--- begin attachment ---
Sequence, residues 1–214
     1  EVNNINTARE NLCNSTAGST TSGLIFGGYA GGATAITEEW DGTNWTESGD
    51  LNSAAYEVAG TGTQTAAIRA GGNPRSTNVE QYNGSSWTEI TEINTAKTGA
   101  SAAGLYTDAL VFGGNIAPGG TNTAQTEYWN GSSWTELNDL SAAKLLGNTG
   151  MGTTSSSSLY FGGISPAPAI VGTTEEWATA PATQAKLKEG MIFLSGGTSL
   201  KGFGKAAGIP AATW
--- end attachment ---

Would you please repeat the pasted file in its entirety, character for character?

Sequence, residues 1–214
     1  EVNNINTARE NLCNSTAGST TSGLIFGGYA GGATAITEEW DGTNWTESGD
    51  LNSAAYEVAG TGTQTAAIRA GGNPRSTNVE QYNGSSWTEI TEINTAKTGA
   101  SAAGLYTDAL VFGGNIAPGG TNTAQTEYWN GSSWTELNDL SAAKLLGNTG
   151  MGTTSSSSLY FGGISPAPAI VGTTEEWATA PATQAKLKEG MIFLSGGTSL
   201  KGFGKAAGIP AATW